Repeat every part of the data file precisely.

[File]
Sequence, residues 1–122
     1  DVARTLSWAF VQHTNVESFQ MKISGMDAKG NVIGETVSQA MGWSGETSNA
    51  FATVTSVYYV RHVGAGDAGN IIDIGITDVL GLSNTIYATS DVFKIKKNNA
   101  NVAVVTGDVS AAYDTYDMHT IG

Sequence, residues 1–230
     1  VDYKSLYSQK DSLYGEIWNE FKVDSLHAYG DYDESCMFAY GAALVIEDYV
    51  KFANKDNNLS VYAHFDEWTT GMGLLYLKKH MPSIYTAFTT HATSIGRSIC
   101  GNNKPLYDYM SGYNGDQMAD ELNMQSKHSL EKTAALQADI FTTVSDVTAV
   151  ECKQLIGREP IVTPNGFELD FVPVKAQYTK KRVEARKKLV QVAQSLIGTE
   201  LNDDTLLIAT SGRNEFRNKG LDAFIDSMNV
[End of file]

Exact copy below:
Sequence, residues 1–122
     1  DVARTLSWAF VQHTNVESFQ MKISGMDAKG NVIGETVSQA MGWSGETSNA
    51  FATVTSVYYV RHVGAGDAGN IIDIGITDVL GLSNTIYATS DVFKIKKNNA
   101  NVAVVTGDVS AAYDTYDMHT IG

Sequence, residues 1–230
     1  VDYKSLYSQK DSLYGEIWNE FKVDSLHAYG DYDESCMFAY GAALVIEDYV
    51  KFANKDNNLS VYAHFDEWTT GMGLLYLKKH MPSIYTAFTT HATSIGRSIC
   101  GNNKPLYDYM SGYNGDQMAD ELNMQSKHSL EKTAALQADI FTTVSDVTAV
   151  ECKQLIGREP IVTPNGFELD FVPVKAQYTK KRVEARKKLV QVAQSLIGTE
   201  LNDDTLLIAT SGRNEFRNKG LDAFIDSMNV